The colossal stature of Augustine in the West has no equivalent in the East, which points to a telling difference between what would become two separate Christian communions. In the East, no single figure was ever permitted to so dominate theology. Even the brilliant Origen could be censured and his system condemned after his death, and Gregory of Nyssa’s universalism rejected while the theologian himself was canonized. For the Greeks, what counted was the consensus of the fathers and the judgment of the whole church. The Latins, on the other hand, were much more willing to submit themselves to the authority of a single theologian, much as they were willing to submit themselves to the authority of a single bishop.

Saint Gregory and Saint Augustine by Juan de Borgoña (c.1495–1536). Photo credit: The Bowes Museum.

It was Gregory I who really provides the theological basis for papal authority (and it is only for its doctrinal importance that the papacy is given attention in Pelikan’s book). In fact, Gregory may be viewed as the first Pope, who understood the office as the Roman church does today. Gregory quoted Matthew 16:18 (“And I tell you, you are Peter, and on this rock I will build my church”) to prove not only that Peter was the prince of the apostles, but that the bishop of Rome had inherited his authority over the universal church. And truly Rome had been a bastion of orthodoxy; when the patriarchs of Constantinople, Antioch, and Alexandria had in turn fallen into heresy, Rome could always be relied on to maintain apostolic truth. But although the primacy of the see of Peter was generally acknowledged, precisely what sort of authority this entailed had not been defined. What was the relationship of the Pope to the other four patriarchs, or to an ecumenical council? And what would happen if the bishop of Rome deviated from orthodoxy (as later happened with Honorius I, who has condemned as a monothelite after his death in 638)? Without answering these hypotheticals, Gregory vigorously asserted papal authority, where at least in the West it reigned unchallenged. He lent his authority to two theological developments in particular: the doctrine of purgatory and the doctrine of the sacrifice of the Mass. These would take on a level of importance in the West they never enjoyed in the East, perhaps because of the legal and forensic element that was peculiar to the Latin mindset. But more than particular doctrines, what the rise of the papacy meant for the development of doctrine was a new locus of authority: doctrinal orthodoxy could be measured by adherence to the bishop of Rome.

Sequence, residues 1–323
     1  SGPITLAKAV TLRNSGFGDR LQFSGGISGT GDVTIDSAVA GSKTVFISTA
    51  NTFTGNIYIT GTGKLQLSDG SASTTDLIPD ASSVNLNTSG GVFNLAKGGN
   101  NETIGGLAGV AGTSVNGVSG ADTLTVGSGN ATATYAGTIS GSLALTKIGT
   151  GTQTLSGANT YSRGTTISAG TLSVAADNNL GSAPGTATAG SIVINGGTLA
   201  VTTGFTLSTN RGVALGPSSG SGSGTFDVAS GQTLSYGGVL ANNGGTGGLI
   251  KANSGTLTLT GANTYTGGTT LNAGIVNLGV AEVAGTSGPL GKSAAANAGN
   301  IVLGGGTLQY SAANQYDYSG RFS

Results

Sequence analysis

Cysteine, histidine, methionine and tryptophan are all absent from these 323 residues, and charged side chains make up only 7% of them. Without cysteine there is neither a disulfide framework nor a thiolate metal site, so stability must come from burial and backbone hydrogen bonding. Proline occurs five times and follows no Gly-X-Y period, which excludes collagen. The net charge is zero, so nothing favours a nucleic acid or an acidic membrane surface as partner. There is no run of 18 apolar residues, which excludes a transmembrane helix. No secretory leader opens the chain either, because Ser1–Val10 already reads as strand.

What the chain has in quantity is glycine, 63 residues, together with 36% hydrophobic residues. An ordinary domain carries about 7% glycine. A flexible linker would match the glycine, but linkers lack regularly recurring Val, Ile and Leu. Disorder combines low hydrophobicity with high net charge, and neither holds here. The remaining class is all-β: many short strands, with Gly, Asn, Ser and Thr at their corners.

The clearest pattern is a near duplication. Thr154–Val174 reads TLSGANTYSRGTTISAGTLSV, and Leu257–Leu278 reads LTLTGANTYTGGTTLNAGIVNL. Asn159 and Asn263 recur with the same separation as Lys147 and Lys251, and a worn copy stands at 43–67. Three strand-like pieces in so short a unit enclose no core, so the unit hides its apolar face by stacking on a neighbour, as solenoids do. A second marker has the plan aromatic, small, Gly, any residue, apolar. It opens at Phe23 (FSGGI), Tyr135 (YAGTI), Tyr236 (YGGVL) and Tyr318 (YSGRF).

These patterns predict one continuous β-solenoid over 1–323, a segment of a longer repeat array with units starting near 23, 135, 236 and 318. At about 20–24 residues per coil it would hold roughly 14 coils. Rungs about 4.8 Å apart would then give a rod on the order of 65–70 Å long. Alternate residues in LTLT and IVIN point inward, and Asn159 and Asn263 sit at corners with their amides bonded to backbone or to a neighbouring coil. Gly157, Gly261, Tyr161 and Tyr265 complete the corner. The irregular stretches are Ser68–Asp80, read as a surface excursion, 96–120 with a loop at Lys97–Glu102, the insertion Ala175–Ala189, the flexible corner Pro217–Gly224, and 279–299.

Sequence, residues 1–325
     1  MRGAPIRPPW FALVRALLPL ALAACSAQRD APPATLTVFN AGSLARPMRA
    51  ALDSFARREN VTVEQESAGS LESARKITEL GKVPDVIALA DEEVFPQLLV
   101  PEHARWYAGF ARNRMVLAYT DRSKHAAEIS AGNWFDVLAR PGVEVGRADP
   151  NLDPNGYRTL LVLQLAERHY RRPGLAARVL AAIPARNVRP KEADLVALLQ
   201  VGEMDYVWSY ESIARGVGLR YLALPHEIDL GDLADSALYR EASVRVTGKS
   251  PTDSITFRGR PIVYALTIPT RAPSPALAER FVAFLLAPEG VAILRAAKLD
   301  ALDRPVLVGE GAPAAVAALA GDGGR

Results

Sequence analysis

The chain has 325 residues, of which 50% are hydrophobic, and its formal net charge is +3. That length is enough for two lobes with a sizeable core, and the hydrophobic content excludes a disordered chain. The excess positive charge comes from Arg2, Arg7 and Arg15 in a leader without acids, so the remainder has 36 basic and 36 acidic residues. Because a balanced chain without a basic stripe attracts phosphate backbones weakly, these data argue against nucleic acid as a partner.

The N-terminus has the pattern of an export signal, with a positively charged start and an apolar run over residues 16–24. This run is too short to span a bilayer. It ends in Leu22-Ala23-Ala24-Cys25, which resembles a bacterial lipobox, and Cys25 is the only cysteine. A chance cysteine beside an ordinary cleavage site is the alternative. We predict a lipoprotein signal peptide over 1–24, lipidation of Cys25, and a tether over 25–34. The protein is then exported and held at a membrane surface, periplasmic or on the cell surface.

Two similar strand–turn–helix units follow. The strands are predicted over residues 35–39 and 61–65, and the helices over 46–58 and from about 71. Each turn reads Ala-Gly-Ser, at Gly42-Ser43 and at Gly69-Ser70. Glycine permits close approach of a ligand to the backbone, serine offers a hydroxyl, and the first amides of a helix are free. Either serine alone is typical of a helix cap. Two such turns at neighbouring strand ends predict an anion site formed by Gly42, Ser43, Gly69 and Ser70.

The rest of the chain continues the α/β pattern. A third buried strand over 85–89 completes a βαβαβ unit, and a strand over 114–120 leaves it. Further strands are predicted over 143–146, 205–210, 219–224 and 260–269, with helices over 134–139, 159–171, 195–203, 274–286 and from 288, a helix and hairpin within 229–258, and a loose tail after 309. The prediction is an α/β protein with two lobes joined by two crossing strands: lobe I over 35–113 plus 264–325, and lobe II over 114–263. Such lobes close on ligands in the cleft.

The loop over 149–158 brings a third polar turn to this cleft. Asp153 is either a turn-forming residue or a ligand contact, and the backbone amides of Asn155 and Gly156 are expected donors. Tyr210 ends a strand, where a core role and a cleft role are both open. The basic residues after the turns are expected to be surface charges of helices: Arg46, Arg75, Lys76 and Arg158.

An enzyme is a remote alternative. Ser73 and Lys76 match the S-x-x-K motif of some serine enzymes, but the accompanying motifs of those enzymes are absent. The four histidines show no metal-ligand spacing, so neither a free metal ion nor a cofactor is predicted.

The paradox we confront after reading Pelikan’s chapter is that the turn of the seventh century marks both the conclusion of a period of consolidation and the first signs of a painful fracture within Christendom. It is evident that though open conflict is centuries away, East and West are drifting apart. The roots of division are many, but Pelikan’s chapter suggests that Augustine must bear at least some of the blame. It is telling that Vincent of Lérins’s definition of the catholic faith as that which had been believed “everywhere, always, by all” was specifically directed against Augustine’s theological innovations regarding predestination (333). For all his brilliance, Augustine could not easily read Greek, and was thus somewhat isolated from the Eastern theological tradition. (And the East from him: most of his works were not translated into Greek until the fourteenth century.) Augustine may not even have been aware of the long and unanimous chain of voices before him who had spoken in defence of human free will. Regardless, Augustine marks the beginning of a distinct Latin doctrinal tradition, which, bolstered by papal authority, feels confident to seek its own way, more keen to assert its authority than to seek consensus with its Eastern brethren. The age of true catholicity was nearly over.



Bart Byl

Th.M. student at Regent College. Canadian in Georgia. 🇨🇦🇬🇪